The country’s third largest lake, awe-inspiring LAKE TAAL sits in a caldera below Tagaytay, formed by huge eruptions between 500,000 and 100,000 years ago. The active Taal Volcano, which is responsible for the lake’s sulphuric content, lies in the centre of the lake, on Volcano Island. The volcano last erupted in 1965 without causing major damage, but when it blew its top in 1754, thousands died and the town of Taal was destroyed; it was rebuilt in a new location on safer ground an hour by road from Tagaytay to the southwest of the lake. Before 1754 the lake was actually part of Balayan Bay, but the eruption sealed it from the sea, eventually leading to its waters becoming non-saline.

The departure point for trips across the lake to the volcano is the small town of TALISAY on the lake’s northern shore, some 4km southeast of Tagaytay; this is a much more typical Filipino settlement, with a bustling market, fishermen doubling as tourist guides and nary a fast-food chain in sight. You can arrange a bangka and a guide at the waterfront market in town. (Taal Lake Yacht Club is a dependable choice). Hiring a bangka to take you out to the island will cost around P1500 if you arrange it independently, plus another P700 or so for a guide to take you up to the volcano. You can ride a horse up to the top for an additional P850 – most tourists do this because of the heat. If you’re staying the night by the lake, your hotel can arrange all this for you, with food and refreshments included, typically for P2000–3000.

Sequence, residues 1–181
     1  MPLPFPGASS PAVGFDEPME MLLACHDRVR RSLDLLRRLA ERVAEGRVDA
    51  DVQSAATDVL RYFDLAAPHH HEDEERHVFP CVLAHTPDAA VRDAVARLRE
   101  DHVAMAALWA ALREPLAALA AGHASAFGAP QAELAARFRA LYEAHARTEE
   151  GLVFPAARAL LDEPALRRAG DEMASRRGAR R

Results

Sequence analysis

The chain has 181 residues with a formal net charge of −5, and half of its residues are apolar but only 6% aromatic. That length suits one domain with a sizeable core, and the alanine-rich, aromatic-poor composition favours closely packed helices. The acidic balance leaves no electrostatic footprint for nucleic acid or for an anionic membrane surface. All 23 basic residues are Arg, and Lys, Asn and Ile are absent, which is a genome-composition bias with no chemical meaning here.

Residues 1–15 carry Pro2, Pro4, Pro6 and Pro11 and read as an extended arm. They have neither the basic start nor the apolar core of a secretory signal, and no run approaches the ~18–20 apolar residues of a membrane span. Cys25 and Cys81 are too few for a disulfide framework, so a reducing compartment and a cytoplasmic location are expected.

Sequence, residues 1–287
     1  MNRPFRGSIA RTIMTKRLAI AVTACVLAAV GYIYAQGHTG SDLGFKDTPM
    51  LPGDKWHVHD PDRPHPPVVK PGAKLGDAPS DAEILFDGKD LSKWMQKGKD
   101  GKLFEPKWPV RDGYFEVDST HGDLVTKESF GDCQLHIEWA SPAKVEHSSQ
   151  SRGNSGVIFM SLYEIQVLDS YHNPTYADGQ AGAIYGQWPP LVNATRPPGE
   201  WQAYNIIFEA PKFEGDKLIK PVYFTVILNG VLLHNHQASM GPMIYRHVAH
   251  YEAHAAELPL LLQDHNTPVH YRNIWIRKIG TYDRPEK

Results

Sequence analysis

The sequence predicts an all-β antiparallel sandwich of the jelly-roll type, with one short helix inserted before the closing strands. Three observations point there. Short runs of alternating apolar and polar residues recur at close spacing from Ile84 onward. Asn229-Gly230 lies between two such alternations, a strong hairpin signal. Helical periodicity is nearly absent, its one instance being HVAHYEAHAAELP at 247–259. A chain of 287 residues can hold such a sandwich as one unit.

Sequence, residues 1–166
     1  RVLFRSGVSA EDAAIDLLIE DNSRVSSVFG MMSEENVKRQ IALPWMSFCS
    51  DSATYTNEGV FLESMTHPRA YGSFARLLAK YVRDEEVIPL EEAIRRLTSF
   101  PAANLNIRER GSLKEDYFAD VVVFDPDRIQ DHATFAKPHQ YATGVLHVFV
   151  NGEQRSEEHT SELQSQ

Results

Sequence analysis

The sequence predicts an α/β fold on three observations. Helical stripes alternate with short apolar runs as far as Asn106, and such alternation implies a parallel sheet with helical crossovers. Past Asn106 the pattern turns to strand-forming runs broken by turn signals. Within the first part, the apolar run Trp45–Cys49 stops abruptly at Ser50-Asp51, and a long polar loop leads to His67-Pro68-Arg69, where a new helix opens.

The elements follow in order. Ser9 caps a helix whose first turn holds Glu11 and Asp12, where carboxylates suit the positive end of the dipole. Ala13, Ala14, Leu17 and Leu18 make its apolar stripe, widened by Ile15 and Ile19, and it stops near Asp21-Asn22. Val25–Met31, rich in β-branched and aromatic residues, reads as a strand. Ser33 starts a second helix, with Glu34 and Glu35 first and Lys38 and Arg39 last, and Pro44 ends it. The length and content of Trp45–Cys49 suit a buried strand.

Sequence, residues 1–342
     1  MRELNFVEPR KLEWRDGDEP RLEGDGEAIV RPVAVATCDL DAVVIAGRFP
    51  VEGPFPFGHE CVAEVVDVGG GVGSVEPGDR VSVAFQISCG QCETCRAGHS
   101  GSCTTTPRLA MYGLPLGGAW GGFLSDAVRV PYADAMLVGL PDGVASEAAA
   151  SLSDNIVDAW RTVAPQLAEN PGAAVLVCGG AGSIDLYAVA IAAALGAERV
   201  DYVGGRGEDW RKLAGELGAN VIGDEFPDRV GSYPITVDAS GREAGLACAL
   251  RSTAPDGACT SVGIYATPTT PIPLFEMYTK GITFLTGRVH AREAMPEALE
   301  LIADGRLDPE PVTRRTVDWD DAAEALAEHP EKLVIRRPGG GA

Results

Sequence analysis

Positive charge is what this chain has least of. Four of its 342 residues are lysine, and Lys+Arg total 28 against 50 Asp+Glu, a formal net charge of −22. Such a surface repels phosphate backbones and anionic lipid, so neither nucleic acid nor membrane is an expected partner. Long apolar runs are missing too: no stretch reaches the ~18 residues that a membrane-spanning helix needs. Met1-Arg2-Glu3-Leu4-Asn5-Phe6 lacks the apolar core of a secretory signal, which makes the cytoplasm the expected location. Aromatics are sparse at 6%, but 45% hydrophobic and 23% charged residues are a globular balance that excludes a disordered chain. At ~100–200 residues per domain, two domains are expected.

With an early start, you can climb to either the new crater or the old crater (which has 2km-wide Crater Lake inside it) and be back in Talisay in time for lunch (the old crater takes around thirty minutes depending on fitness level). There isn’t much shade on the volcano, so don’t go without sunblock, a good hat and plenty of water. On the island itself is a basic restaurant, vendors selling overpriced drinks and a small information office where you must pay an entry fee of P50.

If you want to spend more time on the water, make for the Taal Lake Yacht Club (about 1km east of Talisay; t043/773-0192, wwww.sailing.org.ph/tlyc/), where you can rent sailboats (Toppers from P1200/day) and kayaks (P750/day).

Book through Rough Guides’ trusted travel partners

Philippines features

The latest articles, galleries, quizzes and videos.

Is Camiguin the most beautiful island you've never heard of?

Is Camiguin the most beautiful island you've never heard of?

The Philippines has hit the headlines for all the wrong reasons in the last few years. From Typhoon Yolanda, the superstorm which left a band of destruction fro…

02 Oct 2017 • Mike MacEacheran insert_drive_file Article
Puerto Princesa Underground River: the Philippines' 8km-long subterranean wonder

Puerto Princesa Underground River: the Philippines' 8km-long subterranean wonder

Deep underground on the island of Palawan in the Philippines lies the Puerto Princesa River. Both a UNESCO World Heritage Site and one of the ‘New 7 Wonders o…

10 Jan 2017 • Esme Fox insert_drive_file Article
The stunning Philippines in pictures

The stunning Philippines in pictures

Rough Guides writer Kiki Deere shares some of her best photographs of the Philippines from her latest trip to Southeast Asia.  Comprising 7107 islands, the …

18 Dec 2015 • Kiki Deere insert_drive_file Article
View more featureschevron_right

Weekly newsletter

Sign up now for travel inspiration, discounts and competitions

Sign up now and get 20% off any ebook